Maryland is unlikely to adopt a single-payer health care system, but the time is right for legislators to take another look at health care reform, House Speaker Casper R. Taylor Jr. said yesterday.
Taylor participated in a panel discussion convened by Maryland Business for Responsive Government. Much of the discussion was devoted to attacks on a single-payer plan, under which the state would pay for all health care, including covering those now uninsured.
A single-payer plan has been floated by Maryland Citizens' Health Initiative, a group that has attracted broad support in the year since it was formed to push affordable health coverage for everyone in the state.
The General Assembly studied and "overwhelmingly turned down" a single-payer plan about a decade ago, Taylor said, and he doesn't believe that opinion has shifted drastically since. "We'll never get 100 percent coverage, but we can get close, and I think we're going to get there incrementally," the speaker said.
Taylor said he will call on legislative committees "to go back to the drawing board and get very serious about what we can do, and not just be satisfied with destroying the viability of single-payer." He said after the meeting that he is not sure that reform can be accomplished in one year, but that it is important to begin the effort. "Timing is everything, and I think the stars have come into the right setting," he said.
Two of the panelists called for free-market alternatives to the single-payer idea. Thomas J. DiLorenzo, a professor of economics at Loyola College, said a single-payer plan would lead to higher taxes that would drive away business and state-set rates that would drive away the best doctors. "This would be a state of Virginia economic development plan par excellence," he said.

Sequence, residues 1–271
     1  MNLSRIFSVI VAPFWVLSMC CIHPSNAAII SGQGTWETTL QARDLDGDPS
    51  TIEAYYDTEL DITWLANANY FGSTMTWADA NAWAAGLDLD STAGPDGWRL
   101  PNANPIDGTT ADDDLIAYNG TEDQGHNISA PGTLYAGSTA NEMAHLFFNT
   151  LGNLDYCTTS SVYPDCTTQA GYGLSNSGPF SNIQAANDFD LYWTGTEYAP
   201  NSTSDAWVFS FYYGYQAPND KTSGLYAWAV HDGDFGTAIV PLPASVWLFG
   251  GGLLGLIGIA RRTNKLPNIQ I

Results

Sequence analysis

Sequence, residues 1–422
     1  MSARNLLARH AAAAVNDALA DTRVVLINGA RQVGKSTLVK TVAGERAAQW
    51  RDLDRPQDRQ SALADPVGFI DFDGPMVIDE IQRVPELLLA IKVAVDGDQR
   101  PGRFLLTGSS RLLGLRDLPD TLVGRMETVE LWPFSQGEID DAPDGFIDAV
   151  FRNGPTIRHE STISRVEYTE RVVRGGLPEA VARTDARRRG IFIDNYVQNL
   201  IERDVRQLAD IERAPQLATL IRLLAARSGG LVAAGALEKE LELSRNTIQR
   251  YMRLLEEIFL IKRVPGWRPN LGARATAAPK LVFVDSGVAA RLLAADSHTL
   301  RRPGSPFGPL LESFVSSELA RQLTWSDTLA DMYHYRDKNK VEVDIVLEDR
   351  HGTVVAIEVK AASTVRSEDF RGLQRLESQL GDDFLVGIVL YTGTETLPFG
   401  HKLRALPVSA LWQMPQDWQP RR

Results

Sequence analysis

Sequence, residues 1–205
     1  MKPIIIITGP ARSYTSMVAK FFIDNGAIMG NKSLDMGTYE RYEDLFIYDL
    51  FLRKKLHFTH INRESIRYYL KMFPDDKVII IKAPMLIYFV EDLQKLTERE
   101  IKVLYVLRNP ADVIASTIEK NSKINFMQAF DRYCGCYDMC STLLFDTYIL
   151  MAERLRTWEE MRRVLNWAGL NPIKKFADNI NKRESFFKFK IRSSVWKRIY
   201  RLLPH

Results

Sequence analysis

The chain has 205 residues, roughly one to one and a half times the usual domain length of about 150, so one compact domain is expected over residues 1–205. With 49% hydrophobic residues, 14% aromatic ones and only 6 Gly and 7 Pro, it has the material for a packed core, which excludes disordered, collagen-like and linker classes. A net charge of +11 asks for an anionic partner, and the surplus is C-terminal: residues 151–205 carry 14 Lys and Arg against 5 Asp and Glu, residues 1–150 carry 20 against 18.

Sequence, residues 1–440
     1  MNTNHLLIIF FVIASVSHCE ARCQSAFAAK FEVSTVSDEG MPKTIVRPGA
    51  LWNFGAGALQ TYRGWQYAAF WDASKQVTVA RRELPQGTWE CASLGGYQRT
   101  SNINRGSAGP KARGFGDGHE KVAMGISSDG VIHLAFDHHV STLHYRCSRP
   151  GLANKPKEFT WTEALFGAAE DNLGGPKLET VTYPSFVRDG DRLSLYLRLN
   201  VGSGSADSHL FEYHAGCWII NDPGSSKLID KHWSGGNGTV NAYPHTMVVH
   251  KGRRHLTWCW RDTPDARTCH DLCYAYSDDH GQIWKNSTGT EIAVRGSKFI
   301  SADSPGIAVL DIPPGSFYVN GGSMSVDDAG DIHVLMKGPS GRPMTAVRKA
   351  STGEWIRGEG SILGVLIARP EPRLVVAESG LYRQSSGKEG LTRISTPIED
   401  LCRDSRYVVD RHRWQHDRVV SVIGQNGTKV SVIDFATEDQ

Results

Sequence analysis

Robert E. Moffit, deputy director for domestic policy for the Heritage Foundation, a conservative Washington think tank, quoted writer P. J. O'Rourke: "If you think health care is expensive now, just wait until it's free."
Robert O. C. Worcester, president of Maryland Business for Responsive Government, said he thinks that a single-payer plan might be passed in Maryland. "The legislature has drifted leftward," he said. "Maryland has increasingly become a laboratory for onerous business legislation to be exported to other states."
Worcester said yesterday's meeting represented an effort to alert business to the issue and to build a coalition.
Indeed, the panel represented a range of opinion, with Moffit and DiLorenzo sharply criticizing the Maryland regulatory system, of which fellow-panelist Taylor is a prime author.
Another panelist, T. Michael Preston, executive director of the Medical and Chirurgical Faculty of Maryland, the state medical society, said he thinks the single-payer plan is a "straw man," and even Maryland Citizens' Health Initiative "at the end of the day won't be talking about single-payer."
Vincent DeMarco, executive director of the citizens' initiative group, said talk of socialized medicine is "a red herring." While it believes in "guaranteeing quality, affordable health care to all Marylanders," he said, his group is not committed to a single-payer scheme.